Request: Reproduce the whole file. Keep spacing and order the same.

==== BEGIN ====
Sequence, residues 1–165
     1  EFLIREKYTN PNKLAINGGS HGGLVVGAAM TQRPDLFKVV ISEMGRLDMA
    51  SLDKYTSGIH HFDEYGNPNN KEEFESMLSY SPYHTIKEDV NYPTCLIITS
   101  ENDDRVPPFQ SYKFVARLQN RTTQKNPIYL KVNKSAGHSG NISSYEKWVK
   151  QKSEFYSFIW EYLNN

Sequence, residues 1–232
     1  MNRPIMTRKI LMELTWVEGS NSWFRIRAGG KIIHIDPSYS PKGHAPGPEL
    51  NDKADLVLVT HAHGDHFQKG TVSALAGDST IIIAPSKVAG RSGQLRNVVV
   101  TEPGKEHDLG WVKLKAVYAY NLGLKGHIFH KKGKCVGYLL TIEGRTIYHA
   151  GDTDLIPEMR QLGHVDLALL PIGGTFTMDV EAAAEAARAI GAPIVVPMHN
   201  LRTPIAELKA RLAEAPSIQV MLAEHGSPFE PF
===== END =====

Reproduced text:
Sequence, residues 1–165
     1  EFLIREKYTN PNKLAINGGS HGGLVVGAAM TQRPDLFKVV ISEMGRLDMA
    51  SLDKYTSGIH HFDEYGNPNN KEEFESMLSY SPYHTIKEDV NYPTCLIITS
   101  ENDDRVPPFQ SYKFVARLQN RTTQKNPIYL KVNKSAGHSG NISSYEKWVK
   151  QKSEFYSFIW EYLNN

Sequence, residues 1–232
     1  MNRPIMTRKI LMELTWVEGS NSWFRIRAGG KIIHIDPSYS PKGHAPGPEL
    51  NDKADLVLVT HAHGDHFQKG TVSALAGDST IIIAPSKVAG RSGQLRNVVV
   101  TEPGKEHDLG WVKLKAVYAY NLGLKGHIFH KKGKCVGYLL TIEGRTIYHA
   151  GDTDLIPEMR QLGHVDLALL PIGGTFTMDV EAAAEAARAI GAPIVVPMHN
   201  LRTPIAELKA RLAEAPSIQV MLAEHGSPFE PF